Court Orders New Determinations on Infringement of Disposable Cameras
October 07, 2004
Last Month at the Federal Circuit - November/December 2004
Judges: Bryson (author), Clevenger, and Linn
In Fuji Photo Film Co. v. International Trade Commission, No. 03-1016 (Fed. Cir. Oct. 7, 2004), the Federal Circuit affirmed part of the ITC’s order relating to infringement by single-use or disposable 35 mm film cameras, but vacated another part of that order and remanded for a new determination of infringement concerning one patent.
Several years ago, the ITC found that twenty-six respondents had infringed one or more patents owned by Fuji Photo Film Company, Ltd. (“Fuji”) and issued a general exclusion order concerning fifteen Fuji patents. The ITC also issued cease and desist orders to twenty domestic respondents who were found to have had significant amounts of inventory in this country. The Federal Circuit upheld those orders.
Later, Fuji sought modification of a general exclusion order and named twenty respondents in the new proceeding, many of which were not respondents in the earlier proceeding. The ALJ made several findings of infringement involving seven patents, several of which are the subject of this appeal.
First, Fuji argued that the ITC had erred in construing claim 1 of reissued U.S. Patent No. Re 34,168 (“the ‘168 patent”). Fuji argued for a broad construction of the term “opening,” but the Federal Circuit agreed that the claim scope and specification required a more narrow construction. Specifically, the Court agreed that the term “opening” means a hole, breach, or aperture in a cover, not a threedimensional open space of the sort argued by Fuji.
Fuji also argued that the ITC had erred in the construction of the term “said means” in claim 1 of the ‘168 patent. Specifically, the ITC ruled that reference to “said means” included the “shutter means” and the “film transporting means” but did not include the “taking lens” recited in claim 1. Fuji argued that notwithstanding the omission of the word “means” following “taking lens,” the taking lens should still be considered as one of “said means” referred to in claim 1. The Federal Circuit rejected this argument, concluding that the plain language of the claim provided clear direction. Since the word “means” was used in reference to two of these three components but not the third (“taking lens”), this third limitation was not a means limitation.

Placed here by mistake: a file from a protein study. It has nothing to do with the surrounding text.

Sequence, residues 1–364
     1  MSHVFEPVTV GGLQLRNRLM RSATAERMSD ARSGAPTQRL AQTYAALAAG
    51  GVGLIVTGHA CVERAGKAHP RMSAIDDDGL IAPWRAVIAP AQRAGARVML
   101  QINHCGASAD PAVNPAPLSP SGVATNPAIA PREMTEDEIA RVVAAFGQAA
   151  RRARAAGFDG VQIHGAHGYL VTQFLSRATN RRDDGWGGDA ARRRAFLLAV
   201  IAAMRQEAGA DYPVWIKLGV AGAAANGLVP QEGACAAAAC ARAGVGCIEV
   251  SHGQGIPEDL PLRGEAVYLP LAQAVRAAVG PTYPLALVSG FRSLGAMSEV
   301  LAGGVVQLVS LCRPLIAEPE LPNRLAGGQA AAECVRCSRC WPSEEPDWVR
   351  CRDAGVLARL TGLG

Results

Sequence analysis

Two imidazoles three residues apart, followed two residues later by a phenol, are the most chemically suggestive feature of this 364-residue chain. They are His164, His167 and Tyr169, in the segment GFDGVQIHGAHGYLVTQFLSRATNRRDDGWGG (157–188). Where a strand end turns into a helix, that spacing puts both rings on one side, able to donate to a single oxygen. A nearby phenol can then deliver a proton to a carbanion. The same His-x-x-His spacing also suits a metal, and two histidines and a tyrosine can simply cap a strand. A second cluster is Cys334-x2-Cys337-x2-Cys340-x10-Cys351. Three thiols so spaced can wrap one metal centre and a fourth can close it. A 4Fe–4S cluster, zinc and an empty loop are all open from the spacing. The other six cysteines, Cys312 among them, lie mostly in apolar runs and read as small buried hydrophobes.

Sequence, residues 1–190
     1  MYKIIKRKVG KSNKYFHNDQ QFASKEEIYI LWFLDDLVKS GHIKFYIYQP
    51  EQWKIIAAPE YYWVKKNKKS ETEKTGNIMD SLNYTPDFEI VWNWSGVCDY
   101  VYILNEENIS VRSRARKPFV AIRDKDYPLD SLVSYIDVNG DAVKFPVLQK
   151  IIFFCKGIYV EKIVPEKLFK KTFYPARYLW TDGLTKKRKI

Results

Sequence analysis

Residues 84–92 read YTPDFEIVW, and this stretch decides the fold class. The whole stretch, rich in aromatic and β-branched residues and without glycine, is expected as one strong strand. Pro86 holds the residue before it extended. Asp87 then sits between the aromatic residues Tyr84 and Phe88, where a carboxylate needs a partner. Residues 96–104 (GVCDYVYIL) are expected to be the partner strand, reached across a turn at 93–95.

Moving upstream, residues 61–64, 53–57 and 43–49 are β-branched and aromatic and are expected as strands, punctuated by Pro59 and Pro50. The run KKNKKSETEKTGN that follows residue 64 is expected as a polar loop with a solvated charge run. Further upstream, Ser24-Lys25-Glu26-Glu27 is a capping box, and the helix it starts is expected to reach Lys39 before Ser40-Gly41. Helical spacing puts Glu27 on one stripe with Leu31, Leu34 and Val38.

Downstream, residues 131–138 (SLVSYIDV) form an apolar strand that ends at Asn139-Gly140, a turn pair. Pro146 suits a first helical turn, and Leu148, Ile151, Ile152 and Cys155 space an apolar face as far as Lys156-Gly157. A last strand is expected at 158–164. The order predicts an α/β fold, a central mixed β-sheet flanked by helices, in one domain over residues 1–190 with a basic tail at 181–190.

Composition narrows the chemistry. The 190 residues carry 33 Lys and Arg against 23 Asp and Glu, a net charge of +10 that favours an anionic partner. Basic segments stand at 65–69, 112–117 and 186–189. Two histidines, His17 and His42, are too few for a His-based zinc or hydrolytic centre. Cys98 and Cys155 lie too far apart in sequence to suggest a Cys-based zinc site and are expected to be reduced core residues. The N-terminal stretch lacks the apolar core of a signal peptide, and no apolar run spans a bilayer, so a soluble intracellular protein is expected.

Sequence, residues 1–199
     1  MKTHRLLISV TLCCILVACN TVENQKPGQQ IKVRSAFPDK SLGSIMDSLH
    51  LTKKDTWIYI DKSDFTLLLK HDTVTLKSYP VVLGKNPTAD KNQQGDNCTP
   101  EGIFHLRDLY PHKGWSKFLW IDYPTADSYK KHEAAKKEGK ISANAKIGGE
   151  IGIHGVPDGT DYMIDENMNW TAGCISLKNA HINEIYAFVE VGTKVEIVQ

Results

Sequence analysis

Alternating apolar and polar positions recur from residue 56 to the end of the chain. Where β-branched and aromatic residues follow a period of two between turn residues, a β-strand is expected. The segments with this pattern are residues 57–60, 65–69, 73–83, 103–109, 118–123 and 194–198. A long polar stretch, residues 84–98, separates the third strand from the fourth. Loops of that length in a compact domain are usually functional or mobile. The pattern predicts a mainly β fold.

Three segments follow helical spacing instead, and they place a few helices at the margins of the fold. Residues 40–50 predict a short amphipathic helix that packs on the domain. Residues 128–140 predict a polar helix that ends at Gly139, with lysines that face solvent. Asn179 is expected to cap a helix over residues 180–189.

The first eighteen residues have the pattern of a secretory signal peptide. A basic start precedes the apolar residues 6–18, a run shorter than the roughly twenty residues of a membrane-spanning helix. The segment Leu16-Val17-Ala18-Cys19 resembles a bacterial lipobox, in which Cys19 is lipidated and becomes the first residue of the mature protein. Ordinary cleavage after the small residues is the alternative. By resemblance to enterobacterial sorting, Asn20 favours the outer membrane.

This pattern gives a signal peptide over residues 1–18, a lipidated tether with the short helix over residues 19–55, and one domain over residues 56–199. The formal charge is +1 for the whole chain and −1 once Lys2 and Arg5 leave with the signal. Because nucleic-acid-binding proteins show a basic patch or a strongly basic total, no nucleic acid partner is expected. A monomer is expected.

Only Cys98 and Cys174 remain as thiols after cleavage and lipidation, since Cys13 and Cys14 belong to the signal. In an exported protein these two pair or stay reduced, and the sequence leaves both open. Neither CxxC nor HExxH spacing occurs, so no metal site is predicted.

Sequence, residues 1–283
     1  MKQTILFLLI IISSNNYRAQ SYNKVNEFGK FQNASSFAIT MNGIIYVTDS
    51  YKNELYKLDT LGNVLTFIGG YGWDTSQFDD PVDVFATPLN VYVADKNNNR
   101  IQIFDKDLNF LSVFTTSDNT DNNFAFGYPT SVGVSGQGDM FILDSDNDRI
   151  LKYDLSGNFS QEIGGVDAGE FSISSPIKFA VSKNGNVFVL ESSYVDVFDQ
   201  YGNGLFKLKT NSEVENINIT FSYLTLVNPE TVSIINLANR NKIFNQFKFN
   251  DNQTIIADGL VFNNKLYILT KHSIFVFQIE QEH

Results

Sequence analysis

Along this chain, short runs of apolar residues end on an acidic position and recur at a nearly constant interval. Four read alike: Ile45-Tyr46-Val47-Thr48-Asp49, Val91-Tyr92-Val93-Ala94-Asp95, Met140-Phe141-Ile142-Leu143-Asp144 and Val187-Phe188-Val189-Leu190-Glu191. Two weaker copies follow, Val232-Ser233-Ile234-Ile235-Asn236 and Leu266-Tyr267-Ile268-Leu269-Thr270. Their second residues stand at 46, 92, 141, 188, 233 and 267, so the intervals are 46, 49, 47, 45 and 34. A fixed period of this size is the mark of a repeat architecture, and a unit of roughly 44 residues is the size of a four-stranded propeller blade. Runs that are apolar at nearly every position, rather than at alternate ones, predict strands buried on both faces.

Concerning two other patents, the claims recite a light-tight film casing that must be destroyed to open the same. The Federal Circuit agreed with the ALJ that the evidence showed that the respondent’s accused cameras did not have film casings that must be destroyed to open them. The wife of one expert witness was able to obtain through the Internet the film needed to reload one of the cameras. The casing readily snapped back in place without any apparent loss of light-tightness.
Concerning claim 1 of U.S. Patent No. 4,972,649 (“the ‘649 patent”), the ITC had required all three steps of the claim to be performed in a “dark room,” even though the words “in a dark room” were only recited for the first step of that claim. The Federal Circuit concluded, however, that the fact that this limitation was included in only one of the three steps provided strong textual support that the claim should be construed to distinguish between the first step and the other two. Moreover, nothing in the ‘649 patent required that a dark room be used for all three steps. Thus, according to the Federal Circuit, the ITC had erred in ruling otherwise.
Fuji also sought a cease and desist order against companies that import infringing products but maintain no inventory in the U.S. and those that do not import products but do business through third parties. The Federal Circuit concluded, however, that Fuji had not shown that the general exclusion order would be inadequate when enforced by customs.